Guild of Dungeoneering Review
Guild of Dungeoneering places you in the position of a guild manager in a hand-drawn world – it’s up to you to woo new recruits, build up a massive base of operations filled with adventurers and buffs, and use your powerful team (one at a time) to head out into myriad quest-based dungeon delves.
The concept behind Guild of Dungeoneering – a card-based, build-it-yourself dungeon crawl – is solid. It is a modern roguelite that features continual progression, even in the face of certain doom. You load up on gold from dungeon to dungeon, then use it to unlock new items, buffs, and dungeoneers. Linear progression spurred on by continual dungeon runs is the game’s weakness; while you have options for light strategy in the form of selecting the right class to tackle each dungeon’s unique challenges, for a DIY dungeon crawl the title feels lacking because most of the time you’re simply going through the motions without a sense of victory or accomplishment.
You unlock more powerful classes and gear by throwing your gold at them, and you eventually just get those resources by throwing yourself into dungeons over and over, win or lose. While this may be the underlying truth in many RPGs, it’s not flavored up here to the status of a palatable meal. The action stagnates quickly, even though you’re always unlocking and gaining access to new tools.
Everything in Guild of Dungeoneering comes down to cards. You draw a new hand of five each turn, which can include dungeon “puzzle pieces” like room tiles, monsters, and treasure, and lay them down to create the crawl. Players build their own routes to critical locations in each dungeon map through corridor and room tiles, connecting them together to form dungeons as large or small as the player deems necessary. If there’s a particularly challenging boss in a level, you may want to build it out, stuffing it with various treasures and minions in order to get strong enough before taking on the challenge. You’re placing everything outside of a few setpieces that generally make up the critical goals for each dungeon quest, from monsters to treasure. While you don’t control your adventurer directly, it’s easy to “motivate” their dungeon movements by controlling the flow of rooms and rewards.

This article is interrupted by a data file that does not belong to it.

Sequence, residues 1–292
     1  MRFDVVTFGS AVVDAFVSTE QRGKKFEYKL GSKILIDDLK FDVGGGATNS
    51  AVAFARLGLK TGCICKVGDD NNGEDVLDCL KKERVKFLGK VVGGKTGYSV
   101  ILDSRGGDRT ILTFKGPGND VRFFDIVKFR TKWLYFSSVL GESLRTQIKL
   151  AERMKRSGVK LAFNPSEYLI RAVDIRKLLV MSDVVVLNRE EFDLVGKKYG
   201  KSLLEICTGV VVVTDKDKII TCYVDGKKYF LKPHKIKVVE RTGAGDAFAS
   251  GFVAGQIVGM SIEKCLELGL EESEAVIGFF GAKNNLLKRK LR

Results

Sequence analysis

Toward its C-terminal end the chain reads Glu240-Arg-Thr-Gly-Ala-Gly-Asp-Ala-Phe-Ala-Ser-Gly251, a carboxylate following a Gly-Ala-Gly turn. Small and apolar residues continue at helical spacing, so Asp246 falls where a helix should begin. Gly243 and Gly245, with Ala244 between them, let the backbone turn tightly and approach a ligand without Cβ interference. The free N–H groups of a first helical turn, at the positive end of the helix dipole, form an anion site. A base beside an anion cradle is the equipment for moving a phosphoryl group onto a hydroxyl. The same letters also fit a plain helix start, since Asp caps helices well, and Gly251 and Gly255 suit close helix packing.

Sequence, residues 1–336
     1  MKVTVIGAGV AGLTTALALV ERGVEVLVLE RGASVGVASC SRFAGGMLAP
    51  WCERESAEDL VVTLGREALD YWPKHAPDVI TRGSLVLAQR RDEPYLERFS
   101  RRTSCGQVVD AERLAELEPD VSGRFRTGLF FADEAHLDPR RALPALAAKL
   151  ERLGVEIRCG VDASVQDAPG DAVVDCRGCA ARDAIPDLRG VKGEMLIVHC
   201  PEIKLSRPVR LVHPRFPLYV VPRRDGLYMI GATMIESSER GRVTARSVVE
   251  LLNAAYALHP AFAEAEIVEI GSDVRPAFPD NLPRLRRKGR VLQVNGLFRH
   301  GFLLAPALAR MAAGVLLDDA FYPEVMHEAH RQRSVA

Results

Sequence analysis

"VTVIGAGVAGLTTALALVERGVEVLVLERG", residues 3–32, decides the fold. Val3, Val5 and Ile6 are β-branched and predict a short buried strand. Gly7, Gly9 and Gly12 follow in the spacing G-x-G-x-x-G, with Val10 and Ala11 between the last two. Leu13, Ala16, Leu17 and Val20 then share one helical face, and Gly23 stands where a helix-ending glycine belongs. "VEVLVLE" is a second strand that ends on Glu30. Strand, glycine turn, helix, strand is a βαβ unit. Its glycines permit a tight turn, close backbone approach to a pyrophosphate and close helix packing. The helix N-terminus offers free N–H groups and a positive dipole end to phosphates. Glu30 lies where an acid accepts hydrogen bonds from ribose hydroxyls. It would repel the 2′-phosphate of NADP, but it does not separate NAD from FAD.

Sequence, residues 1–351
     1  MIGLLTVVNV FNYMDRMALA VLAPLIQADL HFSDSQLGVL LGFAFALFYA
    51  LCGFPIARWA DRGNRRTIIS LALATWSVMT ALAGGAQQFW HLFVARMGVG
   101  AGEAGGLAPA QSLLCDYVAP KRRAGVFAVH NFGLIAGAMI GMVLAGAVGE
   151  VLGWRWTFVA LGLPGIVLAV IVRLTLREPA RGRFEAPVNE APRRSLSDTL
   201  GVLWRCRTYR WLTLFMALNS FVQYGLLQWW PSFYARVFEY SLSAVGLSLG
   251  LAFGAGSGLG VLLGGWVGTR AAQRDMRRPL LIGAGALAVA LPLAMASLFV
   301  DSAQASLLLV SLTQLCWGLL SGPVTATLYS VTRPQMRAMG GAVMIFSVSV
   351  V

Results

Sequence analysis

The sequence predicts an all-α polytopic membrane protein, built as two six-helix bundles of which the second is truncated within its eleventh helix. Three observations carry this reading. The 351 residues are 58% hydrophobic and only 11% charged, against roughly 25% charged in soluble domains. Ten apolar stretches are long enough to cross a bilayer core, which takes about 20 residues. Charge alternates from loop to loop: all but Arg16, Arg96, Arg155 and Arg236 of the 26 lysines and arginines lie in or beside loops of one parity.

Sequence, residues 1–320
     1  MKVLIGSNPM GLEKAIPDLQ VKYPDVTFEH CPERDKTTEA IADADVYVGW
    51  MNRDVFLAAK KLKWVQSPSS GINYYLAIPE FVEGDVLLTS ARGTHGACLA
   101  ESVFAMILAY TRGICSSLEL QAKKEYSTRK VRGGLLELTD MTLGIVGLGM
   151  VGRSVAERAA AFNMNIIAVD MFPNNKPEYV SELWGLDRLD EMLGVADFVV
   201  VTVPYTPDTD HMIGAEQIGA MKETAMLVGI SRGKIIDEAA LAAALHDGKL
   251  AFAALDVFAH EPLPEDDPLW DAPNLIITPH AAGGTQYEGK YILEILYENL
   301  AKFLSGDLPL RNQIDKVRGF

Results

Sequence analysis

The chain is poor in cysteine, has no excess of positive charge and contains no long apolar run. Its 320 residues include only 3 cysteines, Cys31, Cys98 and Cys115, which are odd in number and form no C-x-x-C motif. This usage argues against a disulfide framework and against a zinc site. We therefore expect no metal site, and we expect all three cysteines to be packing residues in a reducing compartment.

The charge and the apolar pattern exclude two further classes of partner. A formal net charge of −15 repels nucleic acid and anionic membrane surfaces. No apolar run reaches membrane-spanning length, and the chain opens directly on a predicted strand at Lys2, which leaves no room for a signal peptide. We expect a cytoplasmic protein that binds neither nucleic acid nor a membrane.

Guild of Dungeoneering’s combat is turn-based simplicity, and like the rest of the game, remarkably accessible for the dungeon-crawling genre. Each round you play one card from your deck (made up of both your class cards and any gear you may have equipped) and try to foil your enemy’s plays and plans. Various other effects or “rules” can come into consideration as you romp about magic fountains or engage specific styles of enemies, like fire elementals that burn both combatants each turn.
Guild of Dungeoneering is a neat little romp, but the novelty wears off quickly as you fall into the progression loop. If you’re looking for a bite-sized dungeon crawl, Guild of Dungeoneering delivers – but don’t expect a lofty foray into the realms of exploration, customization, or strategy.